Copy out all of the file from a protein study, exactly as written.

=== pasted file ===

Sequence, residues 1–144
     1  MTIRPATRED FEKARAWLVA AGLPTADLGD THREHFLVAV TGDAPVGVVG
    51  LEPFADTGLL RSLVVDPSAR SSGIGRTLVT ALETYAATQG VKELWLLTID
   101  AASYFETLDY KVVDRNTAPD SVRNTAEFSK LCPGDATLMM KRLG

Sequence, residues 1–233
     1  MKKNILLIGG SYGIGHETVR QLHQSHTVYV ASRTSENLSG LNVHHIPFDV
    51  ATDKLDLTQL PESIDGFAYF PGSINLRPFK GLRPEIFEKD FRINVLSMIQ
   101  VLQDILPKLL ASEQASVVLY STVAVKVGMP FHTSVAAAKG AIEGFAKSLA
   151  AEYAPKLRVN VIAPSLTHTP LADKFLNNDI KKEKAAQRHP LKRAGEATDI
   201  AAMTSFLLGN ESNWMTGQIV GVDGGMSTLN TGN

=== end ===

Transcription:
Sequence, residues 1–144
     1  MTIRPATRED FEKARAWLVA AGLPTADLGD THREHFLVAV TGDAPVGVVG
    51  LEPFADTGLL RSLVVDPSAR SSGIGRTLVT ALETYAATQG VKELWLLTID
   101  AASYFETLDY KVVDRNTAPD SVRNTAEFSK LCPGDATLMM KRLG

Sequence, residues 1–233
     1  MKKNILLIGG SYGIGHETVR QLHQSHTVYV ASRTSENLSG LNVHHIPFDV
    51  ATDKLDLTQL PESIDGFAYF PGSINLRPFK GLRPEIFEKD FRINVLSMIQ
   101  VLQDILPKLL ASEQASVVLY STVAVKVGMP FHTSVAAAKG AIEGFAKSLA
   151  AEYAPKLRVN VIAPSLTHTP LADKFLNNDI KKEKAAQRHP LKRAGEATDI
   201  AAMTSFLLGN ESNWMTGQIV GVDGGMSTLN TGN